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    The Interstitial Arts Foundation is a not-for-profit organization dedicated to the study, support, and promotion of interstitial art: literature, music, visual and performance art found in between categories and genres – art that crosses borders. Find out more!

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    Thanks to 277 generous backers for our Interfictions Indiegogo Campaign, we raised $10,318 by the time our campaign ended at midnight, July 14th, 2014.  When we launched on June 3rd, we were staggered to find donations doubling almost daily, until after about 3 weeks we had reached our original target goal of $8,500, and were able to move on to our Stretch Goal of $10,000.

    Which means we not only get to publish Interfictions Online for another year, but we can pay our contributors at higher rates now, rates more in line with the effort and talent that innovation requires. Thank you, each and every one of the 277 generous donors who stepped forward to say that interstitial art is valued and valuable. The number of people is as important as the number of dollars raised. We are awed by your generosity.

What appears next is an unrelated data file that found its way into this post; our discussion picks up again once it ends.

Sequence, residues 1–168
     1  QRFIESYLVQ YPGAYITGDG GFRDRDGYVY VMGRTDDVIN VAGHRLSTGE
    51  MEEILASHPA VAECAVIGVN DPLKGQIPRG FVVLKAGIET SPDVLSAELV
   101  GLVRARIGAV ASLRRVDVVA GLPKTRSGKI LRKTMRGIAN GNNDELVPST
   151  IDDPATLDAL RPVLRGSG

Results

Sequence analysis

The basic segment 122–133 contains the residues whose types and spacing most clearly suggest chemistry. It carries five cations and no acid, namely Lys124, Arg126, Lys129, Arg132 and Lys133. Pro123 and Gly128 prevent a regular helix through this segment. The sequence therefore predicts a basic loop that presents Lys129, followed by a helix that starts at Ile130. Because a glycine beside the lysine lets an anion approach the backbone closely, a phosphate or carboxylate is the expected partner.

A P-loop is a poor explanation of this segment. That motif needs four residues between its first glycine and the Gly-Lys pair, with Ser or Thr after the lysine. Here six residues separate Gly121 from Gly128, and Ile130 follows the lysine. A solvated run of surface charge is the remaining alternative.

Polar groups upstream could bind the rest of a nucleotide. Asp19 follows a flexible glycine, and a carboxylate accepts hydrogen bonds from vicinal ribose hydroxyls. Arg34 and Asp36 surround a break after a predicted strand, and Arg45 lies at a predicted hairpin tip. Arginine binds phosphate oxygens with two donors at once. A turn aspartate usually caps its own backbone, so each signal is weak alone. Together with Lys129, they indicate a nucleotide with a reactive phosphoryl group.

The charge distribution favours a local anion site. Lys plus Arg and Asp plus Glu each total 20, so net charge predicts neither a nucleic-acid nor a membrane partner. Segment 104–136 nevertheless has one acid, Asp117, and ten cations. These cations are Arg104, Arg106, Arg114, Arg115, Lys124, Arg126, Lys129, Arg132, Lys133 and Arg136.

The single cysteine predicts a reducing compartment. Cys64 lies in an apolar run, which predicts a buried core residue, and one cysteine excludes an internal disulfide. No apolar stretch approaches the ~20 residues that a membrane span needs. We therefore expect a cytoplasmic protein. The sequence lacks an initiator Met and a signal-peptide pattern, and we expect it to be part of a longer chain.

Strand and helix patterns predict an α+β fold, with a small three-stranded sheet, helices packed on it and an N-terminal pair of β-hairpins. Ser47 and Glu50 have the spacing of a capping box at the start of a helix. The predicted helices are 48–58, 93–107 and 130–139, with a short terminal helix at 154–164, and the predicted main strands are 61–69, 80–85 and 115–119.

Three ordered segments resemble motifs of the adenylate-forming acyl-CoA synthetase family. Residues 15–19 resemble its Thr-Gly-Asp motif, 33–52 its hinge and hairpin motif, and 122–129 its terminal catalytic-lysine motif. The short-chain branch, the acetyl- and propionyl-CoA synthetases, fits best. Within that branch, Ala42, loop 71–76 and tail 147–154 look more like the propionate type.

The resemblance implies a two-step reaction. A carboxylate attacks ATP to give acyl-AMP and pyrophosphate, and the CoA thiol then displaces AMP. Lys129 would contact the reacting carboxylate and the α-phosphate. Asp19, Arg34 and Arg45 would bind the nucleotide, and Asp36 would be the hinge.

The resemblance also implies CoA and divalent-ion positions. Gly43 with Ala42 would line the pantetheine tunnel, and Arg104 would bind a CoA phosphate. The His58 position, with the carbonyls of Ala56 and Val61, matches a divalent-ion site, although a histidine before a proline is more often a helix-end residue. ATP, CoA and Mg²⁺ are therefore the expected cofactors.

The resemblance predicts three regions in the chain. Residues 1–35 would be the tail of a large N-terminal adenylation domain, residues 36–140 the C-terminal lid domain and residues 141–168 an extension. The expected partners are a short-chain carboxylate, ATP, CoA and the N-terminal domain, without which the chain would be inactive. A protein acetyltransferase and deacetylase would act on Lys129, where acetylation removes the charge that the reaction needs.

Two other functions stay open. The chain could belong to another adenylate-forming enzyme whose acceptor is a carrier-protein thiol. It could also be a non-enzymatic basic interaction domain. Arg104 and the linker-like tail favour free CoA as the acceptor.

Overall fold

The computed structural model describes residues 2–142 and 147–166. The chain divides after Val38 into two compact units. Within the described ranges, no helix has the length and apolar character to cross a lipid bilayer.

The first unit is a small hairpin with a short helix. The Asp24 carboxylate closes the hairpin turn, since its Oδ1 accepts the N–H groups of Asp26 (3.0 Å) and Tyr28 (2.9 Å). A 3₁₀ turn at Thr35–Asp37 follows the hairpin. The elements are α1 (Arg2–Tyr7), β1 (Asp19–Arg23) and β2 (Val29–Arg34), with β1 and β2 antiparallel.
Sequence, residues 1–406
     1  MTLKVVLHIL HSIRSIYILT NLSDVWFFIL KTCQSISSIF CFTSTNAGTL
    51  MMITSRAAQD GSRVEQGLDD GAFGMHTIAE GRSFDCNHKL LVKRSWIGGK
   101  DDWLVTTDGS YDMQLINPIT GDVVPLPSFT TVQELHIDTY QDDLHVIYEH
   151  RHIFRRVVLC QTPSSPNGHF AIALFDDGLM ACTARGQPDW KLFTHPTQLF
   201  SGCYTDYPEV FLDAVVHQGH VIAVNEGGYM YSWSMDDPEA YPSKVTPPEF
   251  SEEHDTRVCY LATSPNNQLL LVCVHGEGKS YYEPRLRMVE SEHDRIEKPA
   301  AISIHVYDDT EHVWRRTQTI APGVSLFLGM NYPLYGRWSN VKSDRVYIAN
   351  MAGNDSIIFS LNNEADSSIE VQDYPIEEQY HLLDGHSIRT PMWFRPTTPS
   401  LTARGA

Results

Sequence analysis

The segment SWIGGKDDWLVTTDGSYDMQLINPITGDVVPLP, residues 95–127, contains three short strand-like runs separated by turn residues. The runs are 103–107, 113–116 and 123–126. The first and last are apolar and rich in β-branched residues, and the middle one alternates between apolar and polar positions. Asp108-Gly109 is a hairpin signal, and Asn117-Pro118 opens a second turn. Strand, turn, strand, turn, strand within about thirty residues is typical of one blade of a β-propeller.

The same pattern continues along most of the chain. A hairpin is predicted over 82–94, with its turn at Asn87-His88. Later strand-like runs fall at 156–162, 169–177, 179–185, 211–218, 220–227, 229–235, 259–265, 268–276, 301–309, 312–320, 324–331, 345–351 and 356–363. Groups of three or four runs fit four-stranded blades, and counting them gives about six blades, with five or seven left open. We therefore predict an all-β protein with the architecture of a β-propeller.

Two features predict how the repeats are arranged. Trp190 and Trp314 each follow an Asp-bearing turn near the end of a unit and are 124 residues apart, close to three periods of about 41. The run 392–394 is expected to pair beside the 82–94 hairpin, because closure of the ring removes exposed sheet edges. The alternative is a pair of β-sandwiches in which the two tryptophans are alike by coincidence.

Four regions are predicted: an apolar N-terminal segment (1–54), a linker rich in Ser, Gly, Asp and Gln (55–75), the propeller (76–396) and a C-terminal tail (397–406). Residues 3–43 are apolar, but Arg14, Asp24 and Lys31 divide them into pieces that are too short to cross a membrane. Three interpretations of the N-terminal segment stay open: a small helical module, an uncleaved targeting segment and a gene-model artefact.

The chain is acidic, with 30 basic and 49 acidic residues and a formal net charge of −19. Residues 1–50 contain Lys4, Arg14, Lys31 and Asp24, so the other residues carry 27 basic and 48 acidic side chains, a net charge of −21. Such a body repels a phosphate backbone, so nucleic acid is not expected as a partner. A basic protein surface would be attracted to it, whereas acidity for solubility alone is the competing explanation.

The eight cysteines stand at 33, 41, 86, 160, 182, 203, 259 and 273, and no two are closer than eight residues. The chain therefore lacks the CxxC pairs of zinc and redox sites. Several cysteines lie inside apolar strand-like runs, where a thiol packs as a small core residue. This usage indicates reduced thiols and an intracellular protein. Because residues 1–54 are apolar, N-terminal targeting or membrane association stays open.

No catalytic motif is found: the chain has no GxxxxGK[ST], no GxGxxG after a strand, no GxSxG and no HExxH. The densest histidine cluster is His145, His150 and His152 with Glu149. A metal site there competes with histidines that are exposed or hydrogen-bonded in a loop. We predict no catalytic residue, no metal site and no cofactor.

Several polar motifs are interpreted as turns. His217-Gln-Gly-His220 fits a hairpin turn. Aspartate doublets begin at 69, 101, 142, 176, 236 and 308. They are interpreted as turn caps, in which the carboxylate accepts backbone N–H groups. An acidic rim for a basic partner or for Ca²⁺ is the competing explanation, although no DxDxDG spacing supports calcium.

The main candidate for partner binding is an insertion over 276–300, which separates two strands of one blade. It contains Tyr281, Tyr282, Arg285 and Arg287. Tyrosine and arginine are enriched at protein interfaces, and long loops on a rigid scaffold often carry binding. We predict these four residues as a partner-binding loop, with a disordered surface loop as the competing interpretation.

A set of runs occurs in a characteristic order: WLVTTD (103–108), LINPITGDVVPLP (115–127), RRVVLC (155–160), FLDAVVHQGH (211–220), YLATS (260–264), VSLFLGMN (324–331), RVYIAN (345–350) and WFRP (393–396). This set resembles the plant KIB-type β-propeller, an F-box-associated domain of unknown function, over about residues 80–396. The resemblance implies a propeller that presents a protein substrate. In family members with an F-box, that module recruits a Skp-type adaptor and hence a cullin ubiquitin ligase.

Now [...]

    INTERFICTIONS issue #3 is up online!

    The editors of Interfictions Online are happy to announce the birth of the journal’s latest issue, on May 22, 2014!

    The Spring 2014 issue’s non-fiction offerings include Mark Craddock’s poignant collage in Aerial Acrobatics and Gender Reassignment Surgery – A How-To Guide, while Inda Lauryn’s Parallels and Transitions splices analysis of contemporary female vocalists into a graduate school memoir. Isabel Yap’s Life Is Not a Shoujo Manga speaks for itself. And in an interview with Jeff VanderMeer and Jeremy Zerfoss, the two creators discuss their illustrated guide to writing, Wonderbook.

    The fiction offerings remix tropes from ghosts to automata, with new work by Richard Butner, Su-Yee Lin, Kat Howard, Tade Thompson and S. Craig Renfroe Jr.